The truth is, because this inner urging is strong and unwavering, it can also cause us problems. Jealousy, competition, and a certain bitterness when we see others being successful—even hatred and the maligning of others—can all be the negative result of our drivenness. And so the question is, how can we make sure to always direct this deep impulse in a positive direction?

Betzalel and Our Names   

We can find the answer to this question in the verse, “See, I have called by name; Betzalel son of Uri, son of Chur.” (Shmot 31:2) This verse contains an allusion to the sōd, the deep, beneath-the-surface understanding of each individual’s unique purpose. Our sages tell us that the words “I have called by name,” indicate that Betzalel’s mission already existed during the first six days of creation. Further, they teach us that the same is true for each of us, and each of our utterly unique missions. Each fits a particular and critical place and role within creation. Each of us has a God given purpose in the world that is ours and ours alone. No one else has ever had that mission, and no one else can ever fulfill what each of us is here to fulfill. And the opposite is also true. None of us can, in any way, infringe on the space of anyone else’s mission.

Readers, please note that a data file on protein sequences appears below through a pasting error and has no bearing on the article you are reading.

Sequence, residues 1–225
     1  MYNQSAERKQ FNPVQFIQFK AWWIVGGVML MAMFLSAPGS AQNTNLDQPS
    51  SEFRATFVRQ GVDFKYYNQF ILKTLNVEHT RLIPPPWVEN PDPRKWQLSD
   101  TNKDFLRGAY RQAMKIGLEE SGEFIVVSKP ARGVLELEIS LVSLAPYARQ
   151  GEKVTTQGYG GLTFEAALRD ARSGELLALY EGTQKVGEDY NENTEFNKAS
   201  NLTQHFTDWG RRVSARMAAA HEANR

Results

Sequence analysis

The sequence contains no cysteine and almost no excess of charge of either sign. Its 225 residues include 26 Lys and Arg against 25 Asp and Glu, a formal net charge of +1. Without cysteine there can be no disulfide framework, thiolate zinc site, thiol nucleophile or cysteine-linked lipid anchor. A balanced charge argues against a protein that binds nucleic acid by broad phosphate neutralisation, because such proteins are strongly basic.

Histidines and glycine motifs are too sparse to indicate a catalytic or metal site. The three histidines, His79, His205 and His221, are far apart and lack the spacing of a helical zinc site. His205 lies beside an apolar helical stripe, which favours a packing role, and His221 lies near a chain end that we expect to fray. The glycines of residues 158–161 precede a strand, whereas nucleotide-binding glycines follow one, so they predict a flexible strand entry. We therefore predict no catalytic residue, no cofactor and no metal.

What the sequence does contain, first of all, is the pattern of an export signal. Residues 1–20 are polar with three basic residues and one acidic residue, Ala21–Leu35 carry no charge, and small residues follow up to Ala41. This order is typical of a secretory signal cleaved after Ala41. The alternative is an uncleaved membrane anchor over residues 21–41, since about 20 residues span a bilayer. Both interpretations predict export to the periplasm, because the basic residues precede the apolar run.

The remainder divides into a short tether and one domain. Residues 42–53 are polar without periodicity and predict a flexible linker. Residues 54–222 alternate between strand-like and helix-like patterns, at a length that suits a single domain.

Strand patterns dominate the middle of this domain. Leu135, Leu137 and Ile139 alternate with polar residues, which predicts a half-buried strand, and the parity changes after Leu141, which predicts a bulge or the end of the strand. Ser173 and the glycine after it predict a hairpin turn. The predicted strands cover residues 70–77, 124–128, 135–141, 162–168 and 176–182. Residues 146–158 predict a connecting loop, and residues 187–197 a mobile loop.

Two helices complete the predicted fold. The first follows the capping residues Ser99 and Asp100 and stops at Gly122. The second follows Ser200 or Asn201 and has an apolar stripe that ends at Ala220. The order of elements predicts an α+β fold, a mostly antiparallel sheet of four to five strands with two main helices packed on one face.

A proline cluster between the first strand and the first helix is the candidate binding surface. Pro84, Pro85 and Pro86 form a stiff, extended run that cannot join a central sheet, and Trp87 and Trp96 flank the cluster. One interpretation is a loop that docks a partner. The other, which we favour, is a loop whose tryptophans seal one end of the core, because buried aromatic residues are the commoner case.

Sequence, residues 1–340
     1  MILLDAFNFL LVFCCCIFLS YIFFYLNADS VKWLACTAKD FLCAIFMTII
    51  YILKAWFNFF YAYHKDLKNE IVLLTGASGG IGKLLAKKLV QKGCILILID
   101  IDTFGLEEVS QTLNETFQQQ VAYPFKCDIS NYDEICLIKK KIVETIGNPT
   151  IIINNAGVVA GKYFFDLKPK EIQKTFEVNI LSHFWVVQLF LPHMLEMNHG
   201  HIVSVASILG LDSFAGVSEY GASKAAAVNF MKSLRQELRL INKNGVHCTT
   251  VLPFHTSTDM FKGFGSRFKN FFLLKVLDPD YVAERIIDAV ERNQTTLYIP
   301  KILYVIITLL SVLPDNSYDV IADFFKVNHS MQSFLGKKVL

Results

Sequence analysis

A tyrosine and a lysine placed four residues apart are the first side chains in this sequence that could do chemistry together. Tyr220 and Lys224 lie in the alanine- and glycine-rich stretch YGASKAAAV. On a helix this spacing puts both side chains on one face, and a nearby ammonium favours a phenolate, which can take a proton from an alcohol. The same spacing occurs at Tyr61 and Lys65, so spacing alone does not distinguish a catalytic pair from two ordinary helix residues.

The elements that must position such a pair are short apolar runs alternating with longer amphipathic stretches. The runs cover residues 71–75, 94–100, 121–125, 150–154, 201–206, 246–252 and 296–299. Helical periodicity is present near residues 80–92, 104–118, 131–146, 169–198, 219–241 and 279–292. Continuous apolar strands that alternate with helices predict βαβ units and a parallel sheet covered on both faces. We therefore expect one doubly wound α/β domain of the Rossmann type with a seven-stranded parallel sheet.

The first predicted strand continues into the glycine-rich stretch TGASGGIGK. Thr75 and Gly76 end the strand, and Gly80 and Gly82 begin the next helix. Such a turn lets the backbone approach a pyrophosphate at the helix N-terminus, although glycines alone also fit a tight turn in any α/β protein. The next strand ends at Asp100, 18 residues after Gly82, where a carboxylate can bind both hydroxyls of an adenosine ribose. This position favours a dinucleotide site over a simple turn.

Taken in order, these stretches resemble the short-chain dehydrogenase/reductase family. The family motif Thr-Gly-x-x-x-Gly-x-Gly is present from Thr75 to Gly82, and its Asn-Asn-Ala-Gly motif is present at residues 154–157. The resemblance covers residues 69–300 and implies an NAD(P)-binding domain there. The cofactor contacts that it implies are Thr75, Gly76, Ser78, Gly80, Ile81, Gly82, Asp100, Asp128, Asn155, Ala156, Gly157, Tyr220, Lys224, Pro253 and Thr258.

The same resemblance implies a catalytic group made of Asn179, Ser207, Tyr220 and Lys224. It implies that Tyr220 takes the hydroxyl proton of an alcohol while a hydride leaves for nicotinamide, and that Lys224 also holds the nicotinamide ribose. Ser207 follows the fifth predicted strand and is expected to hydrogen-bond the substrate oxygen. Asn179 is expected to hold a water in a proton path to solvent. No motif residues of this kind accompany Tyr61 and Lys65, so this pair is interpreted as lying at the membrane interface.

Individual and Klal-Collective